This work is licensed under a Creative Commons
Attribution-Noncommercial-No Derivative Works 3.0 United States
License.




--
Best regards,

Andrew Stewart


Re: The Biden Administration Kidnaps Venezuelan Diplomat: #FreeAlexSaab Now! #freealexsaab

Cort Greene
 

***I was wondering where Greg Butterfield has been, seems he is now a member of Struggle ★ La Lucha after leaving Workers World Party ( LA and Baltimore split) ; one of at least 4 parties in the US who adhere to the guiding light, ideas and world outlook of Sam (Ballard) Marcy... the others are Workers World Party, Party for Socialism and Liberation ( led by the Becker Boys)  and Communist Workers League ( Detroit and several other branches) . There could be a fifth or secret group in New Orleans also.


On Sun, Oct 24, 2021 at 11:28 AM Charles Keener via groups.io <ckeener20005=aol.com@groups.io> wrote:
The Biden Administration Kidnaps Venezuelan Diplomat: #FreeAlexSaab Now! by Greg Butterfield – Dandelion Salad (wordpress.com)

The United Nations, the Economic Community of West African States, the African Bar Association, and governments around the world called on Cape Verdean authorities to release Saab and protested that there was absolutely no legal basis to extradite him to the U.S. More than 15,000 people signed an international petition to free the Venezuelan diplomat.
And there are more cases related to the fight against sanctions, where foreign nationals are charged with violating provisions of the (illegal) U.S.-imposed sanctions on countries it seeks to destroy. Such was the case of Meng Wanzhou, a Chinese businessperson who was detained in Canada for nearly three years before finally winning the right to return home to China in September. And of course, there was the Trump regime’s illegal seizure of the Venezuelan Embassy in Washington, D.C., in 2019, including the arrest of four embassy defenders. Sanctions are an act of war. So are violations of the international and the universally recognized rights of diplomats. The U.S. empire’s political gangsters carry out these lawless and vile acts because, they laugh to themselves, “Who will dare to stop us?” We must dare — to struggle and to win. Free Alex Saab! Free all political prisoners of U.S. imperialism — domestic and international!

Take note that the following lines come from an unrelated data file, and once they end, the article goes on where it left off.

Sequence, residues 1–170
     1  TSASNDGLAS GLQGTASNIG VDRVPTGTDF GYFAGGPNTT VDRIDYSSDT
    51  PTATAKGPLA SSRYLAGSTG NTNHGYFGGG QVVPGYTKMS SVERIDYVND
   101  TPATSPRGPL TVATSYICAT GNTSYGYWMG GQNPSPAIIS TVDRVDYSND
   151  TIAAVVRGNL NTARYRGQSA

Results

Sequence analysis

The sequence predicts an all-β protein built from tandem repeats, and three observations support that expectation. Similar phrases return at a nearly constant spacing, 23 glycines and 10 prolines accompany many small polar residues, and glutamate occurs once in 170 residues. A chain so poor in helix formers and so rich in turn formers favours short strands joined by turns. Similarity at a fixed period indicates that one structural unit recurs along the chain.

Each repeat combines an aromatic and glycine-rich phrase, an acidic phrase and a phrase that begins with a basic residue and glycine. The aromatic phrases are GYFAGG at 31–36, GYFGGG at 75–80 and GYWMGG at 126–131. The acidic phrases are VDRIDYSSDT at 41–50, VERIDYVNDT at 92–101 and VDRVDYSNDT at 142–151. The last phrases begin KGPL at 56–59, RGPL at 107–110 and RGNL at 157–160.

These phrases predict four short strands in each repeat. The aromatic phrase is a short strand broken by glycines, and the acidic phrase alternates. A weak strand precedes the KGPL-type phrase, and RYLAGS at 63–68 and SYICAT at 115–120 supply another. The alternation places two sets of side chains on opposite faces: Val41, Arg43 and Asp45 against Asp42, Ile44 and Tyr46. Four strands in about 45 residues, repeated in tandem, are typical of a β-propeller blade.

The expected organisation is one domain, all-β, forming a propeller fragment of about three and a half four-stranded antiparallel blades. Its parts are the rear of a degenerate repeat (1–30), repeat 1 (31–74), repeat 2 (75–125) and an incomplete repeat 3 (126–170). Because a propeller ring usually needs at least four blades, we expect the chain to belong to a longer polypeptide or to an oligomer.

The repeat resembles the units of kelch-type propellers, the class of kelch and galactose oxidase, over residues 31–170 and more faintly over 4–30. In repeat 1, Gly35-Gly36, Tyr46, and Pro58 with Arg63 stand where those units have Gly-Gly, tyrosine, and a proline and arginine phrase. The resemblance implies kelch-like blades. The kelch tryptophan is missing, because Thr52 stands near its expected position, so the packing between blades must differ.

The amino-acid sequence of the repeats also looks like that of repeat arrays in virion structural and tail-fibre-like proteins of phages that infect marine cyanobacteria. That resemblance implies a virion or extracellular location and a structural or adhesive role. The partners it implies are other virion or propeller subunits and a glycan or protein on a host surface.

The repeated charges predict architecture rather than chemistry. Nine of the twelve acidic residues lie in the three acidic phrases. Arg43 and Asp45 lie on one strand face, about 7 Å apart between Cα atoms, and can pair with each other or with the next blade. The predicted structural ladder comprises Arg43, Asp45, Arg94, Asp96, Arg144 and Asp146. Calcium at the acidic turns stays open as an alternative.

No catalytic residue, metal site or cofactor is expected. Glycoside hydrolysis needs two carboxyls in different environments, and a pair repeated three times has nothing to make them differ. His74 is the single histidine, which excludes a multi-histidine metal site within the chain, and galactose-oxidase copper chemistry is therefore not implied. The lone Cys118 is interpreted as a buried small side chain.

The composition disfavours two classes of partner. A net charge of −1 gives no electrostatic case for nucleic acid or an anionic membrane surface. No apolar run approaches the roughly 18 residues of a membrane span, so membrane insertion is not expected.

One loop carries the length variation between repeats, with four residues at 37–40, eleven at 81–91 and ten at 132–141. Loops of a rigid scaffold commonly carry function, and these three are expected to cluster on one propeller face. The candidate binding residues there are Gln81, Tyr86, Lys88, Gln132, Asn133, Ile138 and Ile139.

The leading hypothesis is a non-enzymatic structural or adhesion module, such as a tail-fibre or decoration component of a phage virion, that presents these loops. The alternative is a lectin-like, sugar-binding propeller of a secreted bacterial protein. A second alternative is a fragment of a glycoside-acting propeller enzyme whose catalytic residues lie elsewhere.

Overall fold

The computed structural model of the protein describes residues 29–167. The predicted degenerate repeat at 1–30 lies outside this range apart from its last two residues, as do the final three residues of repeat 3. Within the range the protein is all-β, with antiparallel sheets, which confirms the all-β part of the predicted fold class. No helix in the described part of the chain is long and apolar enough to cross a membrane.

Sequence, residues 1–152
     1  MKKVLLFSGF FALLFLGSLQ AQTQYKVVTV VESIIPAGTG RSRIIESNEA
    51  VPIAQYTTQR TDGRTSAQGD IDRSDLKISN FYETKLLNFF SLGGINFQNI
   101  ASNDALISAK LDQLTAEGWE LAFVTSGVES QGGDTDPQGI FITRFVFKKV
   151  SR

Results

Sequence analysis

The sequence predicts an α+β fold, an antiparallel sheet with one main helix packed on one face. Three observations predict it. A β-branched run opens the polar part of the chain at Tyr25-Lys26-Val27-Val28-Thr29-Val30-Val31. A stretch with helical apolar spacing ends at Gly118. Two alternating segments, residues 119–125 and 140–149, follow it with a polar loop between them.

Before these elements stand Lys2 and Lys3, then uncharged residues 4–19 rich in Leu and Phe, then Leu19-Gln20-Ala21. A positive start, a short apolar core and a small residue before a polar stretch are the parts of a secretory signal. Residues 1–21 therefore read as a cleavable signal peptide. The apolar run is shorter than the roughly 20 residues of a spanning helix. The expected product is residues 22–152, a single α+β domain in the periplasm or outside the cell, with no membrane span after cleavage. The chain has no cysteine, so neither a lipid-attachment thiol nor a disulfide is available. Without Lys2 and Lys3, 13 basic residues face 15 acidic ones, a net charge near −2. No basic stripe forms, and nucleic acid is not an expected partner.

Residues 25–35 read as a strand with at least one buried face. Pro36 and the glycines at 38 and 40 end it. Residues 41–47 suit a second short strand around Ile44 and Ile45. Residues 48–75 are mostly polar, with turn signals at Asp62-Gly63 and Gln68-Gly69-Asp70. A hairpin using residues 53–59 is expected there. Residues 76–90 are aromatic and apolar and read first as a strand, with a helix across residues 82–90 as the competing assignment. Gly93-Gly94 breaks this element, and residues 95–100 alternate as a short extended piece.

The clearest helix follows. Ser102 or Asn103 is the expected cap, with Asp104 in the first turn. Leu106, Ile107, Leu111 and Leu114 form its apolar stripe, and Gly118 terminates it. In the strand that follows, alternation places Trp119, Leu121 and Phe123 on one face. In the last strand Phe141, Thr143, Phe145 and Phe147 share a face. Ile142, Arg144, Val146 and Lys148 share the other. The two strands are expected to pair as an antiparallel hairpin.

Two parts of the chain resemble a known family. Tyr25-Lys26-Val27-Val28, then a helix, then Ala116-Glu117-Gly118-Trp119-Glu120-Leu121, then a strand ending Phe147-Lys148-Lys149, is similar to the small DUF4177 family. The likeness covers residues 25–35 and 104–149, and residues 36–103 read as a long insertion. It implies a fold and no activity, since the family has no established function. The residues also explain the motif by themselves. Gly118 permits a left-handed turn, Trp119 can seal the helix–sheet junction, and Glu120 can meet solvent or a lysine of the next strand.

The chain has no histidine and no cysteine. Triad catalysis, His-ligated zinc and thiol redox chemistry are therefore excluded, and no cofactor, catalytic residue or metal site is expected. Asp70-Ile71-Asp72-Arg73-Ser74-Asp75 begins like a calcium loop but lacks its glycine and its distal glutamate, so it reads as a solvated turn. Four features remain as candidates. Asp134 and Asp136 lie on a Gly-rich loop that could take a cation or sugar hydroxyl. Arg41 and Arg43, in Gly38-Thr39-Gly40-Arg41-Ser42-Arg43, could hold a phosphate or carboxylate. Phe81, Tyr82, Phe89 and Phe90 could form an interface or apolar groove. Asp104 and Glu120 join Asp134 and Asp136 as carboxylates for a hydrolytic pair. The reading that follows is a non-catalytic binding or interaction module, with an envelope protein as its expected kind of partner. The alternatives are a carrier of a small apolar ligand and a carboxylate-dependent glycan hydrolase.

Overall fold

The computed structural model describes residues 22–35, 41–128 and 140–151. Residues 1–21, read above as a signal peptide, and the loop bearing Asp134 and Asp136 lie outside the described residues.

The Biden Administration Kidnaps Venezuelan Diplomat: #FreeAlexSaab Now! #freealexsaab

Charles Keener